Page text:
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Designed for Disease: The Link Between Local Food Environments and Obesity and Diabetes

April 1, 2008

Policy Brief

Authors: Susan H. Babey, PhD, Allison L. Diamant, MD, MSHS, Theresa A. Hastert, Stefan Harvey, Harold Goldstein, Rebecca Flournoy, Rajni Banthia, Victor Rubin, Sarah Treuhaft

People living in neighborhoods crowded with fast-food and convenience stores but relatively few grocery or produce outlets are at significantly higher risk of suffering from obesity and diabetes.

The authors of this report correlated the responses of nearly 40,000 Californians surveyed in the 2005 California Health Interview Survey (CHIS) with the Retail Food Environment Index (RFEI) to determine the prevalence of obesity and diabetes. The Retail Food Environment Index (RFEI) is a ratio of the total number of fast-food restaurants and convenience stores compared to grocery stores and produce vendors near a person's home.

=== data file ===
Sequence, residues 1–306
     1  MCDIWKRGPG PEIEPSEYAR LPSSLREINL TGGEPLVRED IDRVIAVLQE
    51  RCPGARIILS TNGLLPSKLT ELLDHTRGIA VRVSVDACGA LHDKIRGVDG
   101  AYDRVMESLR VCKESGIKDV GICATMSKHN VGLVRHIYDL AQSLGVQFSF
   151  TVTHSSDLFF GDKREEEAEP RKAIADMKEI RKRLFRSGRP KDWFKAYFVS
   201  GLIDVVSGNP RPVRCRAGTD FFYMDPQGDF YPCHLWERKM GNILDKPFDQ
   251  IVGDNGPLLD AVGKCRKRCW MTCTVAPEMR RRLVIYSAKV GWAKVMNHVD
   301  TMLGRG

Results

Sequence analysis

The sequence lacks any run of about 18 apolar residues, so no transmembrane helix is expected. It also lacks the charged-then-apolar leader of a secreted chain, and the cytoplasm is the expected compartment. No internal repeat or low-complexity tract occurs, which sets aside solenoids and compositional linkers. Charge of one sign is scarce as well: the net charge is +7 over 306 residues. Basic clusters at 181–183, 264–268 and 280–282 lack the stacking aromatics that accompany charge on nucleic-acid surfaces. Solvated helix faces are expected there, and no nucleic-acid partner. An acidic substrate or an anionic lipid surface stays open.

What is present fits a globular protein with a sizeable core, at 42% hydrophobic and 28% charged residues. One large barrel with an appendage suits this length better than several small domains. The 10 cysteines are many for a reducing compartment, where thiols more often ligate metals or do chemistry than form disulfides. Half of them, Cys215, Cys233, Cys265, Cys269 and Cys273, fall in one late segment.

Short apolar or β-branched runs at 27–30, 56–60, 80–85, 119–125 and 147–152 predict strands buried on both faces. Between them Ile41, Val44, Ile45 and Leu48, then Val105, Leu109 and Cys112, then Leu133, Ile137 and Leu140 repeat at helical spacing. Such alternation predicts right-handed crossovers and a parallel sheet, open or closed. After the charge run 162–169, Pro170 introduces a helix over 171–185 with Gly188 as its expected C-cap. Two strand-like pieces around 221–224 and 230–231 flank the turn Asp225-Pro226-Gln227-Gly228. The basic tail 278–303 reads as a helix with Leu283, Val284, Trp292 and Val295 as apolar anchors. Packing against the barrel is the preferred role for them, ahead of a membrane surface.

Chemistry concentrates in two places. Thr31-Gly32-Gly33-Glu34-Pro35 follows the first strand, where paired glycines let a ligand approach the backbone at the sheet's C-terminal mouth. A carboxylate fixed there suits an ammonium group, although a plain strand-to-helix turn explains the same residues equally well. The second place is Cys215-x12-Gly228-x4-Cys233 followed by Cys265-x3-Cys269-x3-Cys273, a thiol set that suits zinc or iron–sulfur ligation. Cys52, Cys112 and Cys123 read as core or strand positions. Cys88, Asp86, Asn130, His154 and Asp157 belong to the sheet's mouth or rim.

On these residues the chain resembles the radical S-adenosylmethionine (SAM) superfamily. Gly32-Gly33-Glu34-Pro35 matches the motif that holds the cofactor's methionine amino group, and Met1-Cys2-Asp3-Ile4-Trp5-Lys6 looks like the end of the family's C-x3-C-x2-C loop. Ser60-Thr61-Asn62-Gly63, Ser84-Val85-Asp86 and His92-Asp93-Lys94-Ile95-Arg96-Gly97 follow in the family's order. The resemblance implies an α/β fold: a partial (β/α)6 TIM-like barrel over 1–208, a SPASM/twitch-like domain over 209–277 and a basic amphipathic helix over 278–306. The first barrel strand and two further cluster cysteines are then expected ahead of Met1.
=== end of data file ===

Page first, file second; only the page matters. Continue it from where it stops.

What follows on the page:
The authors found that Californians living in communities with many fast food restaurants ­ rather than grocery stores and other outlets providing more nutritious choices ­ were more likely to have diabetes and/or be obese.

The authors also found that although low-income communities are often hit hardest by this phenomenon, the health correlation is seen across all geographic regions, income levels and ethnicities.

The report was authored by The UCLA Center for Health Policy Research, the California Center for Public Health Advocacy (CCPHA) and PolicyLink. The findings draw upon The UCLA Center for Health Policy Research's California Health Interview Survey (CHIS), a biennial statewide survey of more than 40,000 Californians used by legislators, policy makers, local health departments, state agencies, community organizations, advocacy groups, foundations, researchers, and many others.

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